American sailor held in far east Russia

American sailor held in far east Russia

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View at Lorino, Chukotka, 24 Jun 18 Image copyright Getty Images
Image caption Chukotka is very sparsely populated

Russian border guards are holding an American man who came ashore in the remote far eastern Chukotka region after sailing in a dinghy from Alaska.

The man’s motives are not clear. He was found exhausted near Lavrentiya, a coastal village, Russian media report.

Russia’s foreign ministry named him as John Martin, born in 1972, from Anchorage. He reportedly got lost at sea after leaving the Yukon River.

At its closest point mainland Alaska is just 89km (55 miles) from Chukotka.

US diplomats are trying to resolve the case with Russian officials. Mr Martin is reported to be in good health now.

Russian Foreign Ministry spokeswoman Maria Zakharova said Mr Martin had “travelled down the Yukon River in Alaska in his personal one-seat boat.

“About two weeks ago, he decided to take to the open sea. Due to inclement weather and because he lacked navigation equipment, he spent several days in the open sea. This is how he ended up in the Russian Federation.”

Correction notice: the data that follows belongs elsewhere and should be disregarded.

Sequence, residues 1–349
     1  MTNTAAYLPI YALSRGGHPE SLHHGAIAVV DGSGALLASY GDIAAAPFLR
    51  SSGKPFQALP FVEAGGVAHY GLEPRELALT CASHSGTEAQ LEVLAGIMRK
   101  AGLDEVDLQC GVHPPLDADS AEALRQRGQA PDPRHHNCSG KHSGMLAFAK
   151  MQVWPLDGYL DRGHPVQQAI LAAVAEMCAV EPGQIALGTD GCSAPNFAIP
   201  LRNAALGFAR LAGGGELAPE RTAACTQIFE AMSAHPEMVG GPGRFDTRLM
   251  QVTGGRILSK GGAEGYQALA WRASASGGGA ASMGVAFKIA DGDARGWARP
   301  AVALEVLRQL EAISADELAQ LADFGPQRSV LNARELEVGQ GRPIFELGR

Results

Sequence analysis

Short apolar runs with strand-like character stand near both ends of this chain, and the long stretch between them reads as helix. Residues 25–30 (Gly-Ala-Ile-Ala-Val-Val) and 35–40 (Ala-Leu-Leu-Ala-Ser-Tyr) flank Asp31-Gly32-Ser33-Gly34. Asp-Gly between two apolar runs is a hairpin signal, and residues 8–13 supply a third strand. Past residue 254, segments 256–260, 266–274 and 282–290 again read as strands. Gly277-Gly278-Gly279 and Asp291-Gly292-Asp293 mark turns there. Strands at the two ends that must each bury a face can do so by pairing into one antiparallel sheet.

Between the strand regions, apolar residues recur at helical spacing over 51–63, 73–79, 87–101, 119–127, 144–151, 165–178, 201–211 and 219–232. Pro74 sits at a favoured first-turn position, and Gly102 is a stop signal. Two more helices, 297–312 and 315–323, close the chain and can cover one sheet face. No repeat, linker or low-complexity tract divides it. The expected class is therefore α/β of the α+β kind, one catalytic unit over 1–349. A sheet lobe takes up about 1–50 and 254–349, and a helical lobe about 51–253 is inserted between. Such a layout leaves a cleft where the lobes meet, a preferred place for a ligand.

She said Mr Martin received medical treatment in Lavrentiya and his condition was “satisfactory”. He will be transferred to Anadyr, Chukotka’s main town, she said.

Earlier, a source close to the investigation quoted the American as saying he had been fishing along the Alaskan coast and had decided to sail from the US to China, but ended up in Russia.

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Chukotka’s proximity to Alaska made it a highly sensitive region during the Cold War.

It is Russia’s second-least populated region, with about 50,500 inhabitants, and its infrastructure is poor. Many rural inhabitants still rely on traditional hunting and reindeer-herding.

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